At Facebook, our engineers collaborate to create an open environment where ideas win and are executed quickly. Each week, our engineers will give you a look into what it’s like to ideate and build at Facebook in our new “Meet a Facebook Engineer” Q&A series. Check back weekly to hear from different engineers about what problems they’re passionate about solving right now, what they’re up to at Facebook and what advice they have for you.
Q: What problem are you most proud of solving at Facebook?
A: During my first year at Facebook, I was the main engineer building video calling into the site. Though there were many challenges both technical and design-related, I am most proud of our focus on making video calling as easy as possible. Our solution does not require people to have separate accounts with separate logins in order to make a call; we integrated the feature directly into the site in a way that’s natural and intuitive; we reduced the number of clicks required for installation down to a bare minimum; we insisted on and delivered a tiny binary several times smaller than other solutions, in collaboration with Skype; and we simplified the calling UI down to the bare minimum needed to make calls.
While many hard engineering problems are indeed technical, I feel it’s most important to focus on resolving the challenges involved in designing usable products. I was fortunate to work with talented designers and engineers who were committed to making Facebook’s video calling technology accessible to everyone. This, more than any particular technology or clever algorithm, made the feature great.
Q: What problem are you most passionate about solving right now?
A: Recently, I’ve been getting more involved in the Messages product at Facebook. Looking at how people communicate on the internet today compared to five years ago, it’s amazing to think about our fundamental shift away from email into lighter-weight, more immediate forms of communication like SMS and IM. It’s a huge deal, but it’s also the type of significant change that’s easy to miss because it’s pervasive in our lives and it’s generational.
Q: How do you see messaging evolving?
A: Increasingly, we connect with friends through direct means like phone calls and emails as well as indirect means like status posts and check-ins. We manage many different channels to communicate with the same people. Should I email Amy? Use SMS? Facebook Chat? We need to move towards a world where we no longer need to manage the channels and mediums of communication whenever we want to reach someone. I should be able to reach Amy whether from my mobile phone or computer without thinking about how (or whether) she’s connected to the internet at the moment. Plus, she shouldn’t need to constantly check three or four different apps in order to make sure she hasn’t missed anything. I think Facebook has a great opportunity to solve this problem, and I’m excited to help figure that out.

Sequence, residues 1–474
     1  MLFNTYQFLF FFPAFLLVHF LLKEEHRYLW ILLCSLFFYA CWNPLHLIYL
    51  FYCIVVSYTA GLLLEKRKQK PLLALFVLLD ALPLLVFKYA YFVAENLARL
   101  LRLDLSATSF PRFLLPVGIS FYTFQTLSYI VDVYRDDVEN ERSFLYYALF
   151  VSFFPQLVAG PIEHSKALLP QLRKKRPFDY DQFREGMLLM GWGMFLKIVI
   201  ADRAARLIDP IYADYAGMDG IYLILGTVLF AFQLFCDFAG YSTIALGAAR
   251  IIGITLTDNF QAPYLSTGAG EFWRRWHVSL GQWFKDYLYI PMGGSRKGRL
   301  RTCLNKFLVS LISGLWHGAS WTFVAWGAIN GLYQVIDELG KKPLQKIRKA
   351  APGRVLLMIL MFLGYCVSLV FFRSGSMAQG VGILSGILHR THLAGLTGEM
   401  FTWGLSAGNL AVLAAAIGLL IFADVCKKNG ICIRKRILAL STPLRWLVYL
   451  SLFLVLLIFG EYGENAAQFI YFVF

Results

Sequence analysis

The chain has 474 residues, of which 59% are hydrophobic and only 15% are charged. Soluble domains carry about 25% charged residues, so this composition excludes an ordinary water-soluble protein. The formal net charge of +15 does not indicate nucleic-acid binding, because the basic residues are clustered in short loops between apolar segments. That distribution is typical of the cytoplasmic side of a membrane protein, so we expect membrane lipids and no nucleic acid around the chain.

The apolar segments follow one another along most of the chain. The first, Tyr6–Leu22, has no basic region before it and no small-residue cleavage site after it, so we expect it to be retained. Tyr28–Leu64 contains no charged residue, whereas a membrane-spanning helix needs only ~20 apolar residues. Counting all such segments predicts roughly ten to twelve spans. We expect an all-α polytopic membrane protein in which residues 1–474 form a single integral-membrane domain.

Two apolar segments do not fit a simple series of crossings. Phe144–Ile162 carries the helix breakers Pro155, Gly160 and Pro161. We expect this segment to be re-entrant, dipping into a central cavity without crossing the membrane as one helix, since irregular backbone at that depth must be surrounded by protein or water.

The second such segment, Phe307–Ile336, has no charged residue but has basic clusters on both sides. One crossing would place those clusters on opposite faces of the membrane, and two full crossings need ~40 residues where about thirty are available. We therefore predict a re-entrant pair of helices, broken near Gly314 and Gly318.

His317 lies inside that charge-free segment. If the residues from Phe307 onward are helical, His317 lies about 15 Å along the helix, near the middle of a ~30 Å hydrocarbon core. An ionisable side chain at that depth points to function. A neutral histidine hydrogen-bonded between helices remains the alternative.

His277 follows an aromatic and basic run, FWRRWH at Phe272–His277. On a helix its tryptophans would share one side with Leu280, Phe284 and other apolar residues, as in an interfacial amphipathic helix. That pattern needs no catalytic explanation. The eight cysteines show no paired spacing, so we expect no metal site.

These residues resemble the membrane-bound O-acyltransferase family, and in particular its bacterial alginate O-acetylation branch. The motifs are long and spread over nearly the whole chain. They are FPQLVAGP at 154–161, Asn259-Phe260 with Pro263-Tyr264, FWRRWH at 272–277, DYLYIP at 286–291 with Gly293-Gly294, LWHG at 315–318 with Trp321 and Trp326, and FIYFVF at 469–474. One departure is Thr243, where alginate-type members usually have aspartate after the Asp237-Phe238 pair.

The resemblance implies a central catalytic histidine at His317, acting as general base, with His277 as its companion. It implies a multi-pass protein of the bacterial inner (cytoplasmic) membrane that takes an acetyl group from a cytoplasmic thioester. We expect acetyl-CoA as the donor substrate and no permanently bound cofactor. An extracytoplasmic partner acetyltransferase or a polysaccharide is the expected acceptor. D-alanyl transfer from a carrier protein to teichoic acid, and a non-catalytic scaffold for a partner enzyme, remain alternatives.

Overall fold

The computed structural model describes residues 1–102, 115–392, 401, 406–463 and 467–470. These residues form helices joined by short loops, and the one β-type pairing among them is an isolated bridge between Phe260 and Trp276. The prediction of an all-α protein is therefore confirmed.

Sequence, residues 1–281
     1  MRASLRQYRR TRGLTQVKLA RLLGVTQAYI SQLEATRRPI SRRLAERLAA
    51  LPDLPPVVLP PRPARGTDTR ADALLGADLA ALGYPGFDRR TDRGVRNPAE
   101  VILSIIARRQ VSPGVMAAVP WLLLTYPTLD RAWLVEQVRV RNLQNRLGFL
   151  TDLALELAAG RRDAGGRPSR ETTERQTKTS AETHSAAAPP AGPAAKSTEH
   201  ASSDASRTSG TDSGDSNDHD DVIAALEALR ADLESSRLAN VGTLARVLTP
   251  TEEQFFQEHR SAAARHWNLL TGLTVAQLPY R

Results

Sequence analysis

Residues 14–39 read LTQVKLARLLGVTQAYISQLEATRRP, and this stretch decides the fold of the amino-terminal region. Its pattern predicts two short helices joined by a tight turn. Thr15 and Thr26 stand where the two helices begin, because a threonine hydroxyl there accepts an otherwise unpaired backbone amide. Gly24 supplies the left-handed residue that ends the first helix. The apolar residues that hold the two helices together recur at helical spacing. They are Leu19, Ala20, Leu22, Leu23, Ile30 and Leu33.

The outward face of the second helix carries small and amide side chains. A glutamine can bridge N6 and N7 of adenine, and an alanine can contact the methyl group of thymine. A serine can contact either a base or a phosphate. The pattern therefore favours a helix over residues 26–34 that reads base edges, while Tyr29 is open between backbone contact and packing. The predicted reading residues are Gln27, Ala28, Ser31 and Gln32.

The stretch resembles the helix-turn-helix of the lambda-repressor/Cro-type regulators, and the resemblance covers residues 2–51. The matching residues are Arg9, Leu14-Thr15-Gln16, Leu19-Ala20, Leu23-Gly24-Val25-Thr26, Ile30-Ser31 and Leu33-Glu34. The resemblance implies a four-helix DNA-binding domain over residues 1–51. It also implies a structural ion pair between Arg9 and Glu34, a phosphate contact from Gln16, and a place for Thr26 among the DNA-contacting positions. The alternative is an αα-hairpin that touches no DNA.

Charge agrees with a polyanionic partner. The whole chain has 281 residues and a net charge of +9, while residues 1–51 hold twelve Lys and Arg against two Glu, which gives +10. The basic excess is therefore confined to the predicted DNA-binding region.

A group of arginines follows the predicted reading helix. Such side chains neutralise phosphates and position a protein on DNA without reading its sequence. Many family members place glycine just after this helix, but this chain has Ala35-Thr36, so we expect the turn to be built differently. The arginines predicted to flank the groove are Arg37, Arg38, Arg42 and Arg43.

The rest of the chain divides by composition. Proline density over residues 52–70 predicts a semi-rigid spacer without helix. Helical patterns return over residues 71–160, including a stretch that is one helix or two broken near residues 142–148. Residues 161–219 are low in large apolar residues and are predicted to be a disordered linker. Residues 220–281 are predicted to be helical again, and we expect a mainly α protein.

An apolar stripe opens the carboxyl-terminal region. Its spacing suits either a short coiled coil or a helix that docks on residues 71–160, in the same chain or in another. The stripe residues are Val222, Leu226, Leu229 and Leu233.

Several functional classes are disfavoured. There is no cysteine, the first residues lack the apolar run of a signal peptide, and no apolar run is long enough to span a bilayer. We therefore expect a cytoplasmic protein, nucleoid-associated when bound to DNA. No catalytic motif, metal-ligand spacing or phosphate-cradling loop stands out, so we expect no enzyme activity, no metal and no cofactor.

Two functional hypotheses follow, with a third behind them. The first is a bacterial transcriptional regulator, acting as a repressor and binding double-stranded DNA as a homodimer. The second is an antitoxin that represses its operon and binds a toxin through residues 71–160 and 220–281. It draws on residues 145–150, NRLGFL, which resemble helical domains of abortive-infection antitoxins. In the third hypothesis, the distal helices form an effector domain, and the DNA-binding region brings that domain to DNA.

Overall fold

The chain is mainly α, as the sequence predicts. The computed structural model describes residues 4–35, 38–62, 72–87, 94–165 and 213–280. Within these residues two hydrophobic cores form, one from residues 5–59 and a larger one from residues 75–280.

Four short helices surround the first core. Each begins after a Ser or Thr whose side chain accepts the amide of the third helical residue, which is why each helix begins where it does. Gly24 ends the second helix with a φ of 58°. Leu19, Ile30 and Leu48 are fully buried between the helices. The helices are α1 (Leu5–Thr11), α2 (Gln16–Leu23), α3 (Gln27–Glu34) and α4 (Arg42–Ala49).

Q: How much time do you spend actually coding?
A: Most of my day is spent writing code and collaborating with designers and engineers on building new products. Facebook structures teams so that engineers can move fast and make a big impact, and I love that this lets me spend the bulk of my energy on producing code that ships. I think the most rewarding part of my work continues to be that I get to release new code onto the site every week. Almost without exception, I’ve released new code onto Facebook every week of the past year. This is not uncommon — it’s the norm at Facebook.
Q: Why do you choose to be at Facebook now?
A: The internet started as an anonymous place that felt, in a way, full of dangerous, dark corners. The anonymity and vastness of it brought out the worst in some people and made it easy to become disconnected from the best of humanity. Facebook, more than any other site, has brought real people back into the forefront of online life — real names, real histories, a sense of community, and belonging. I’m thankful for the privilege of helping build a part of it.
Q: What advice do you have for other engineers?
A: Technology is usually the easiest part of software engineering. It’s easy to focus on all the cool tech that can be built, especially since most engineers find technical challenges to be the most concrete and intellectually stimulating to solve. However, most software fails due to a poor understanding of what people want and what people need. I encourage engineers to focus on honing their understanding and insight into real user problems and to continually look for insights into clever, people-centric design.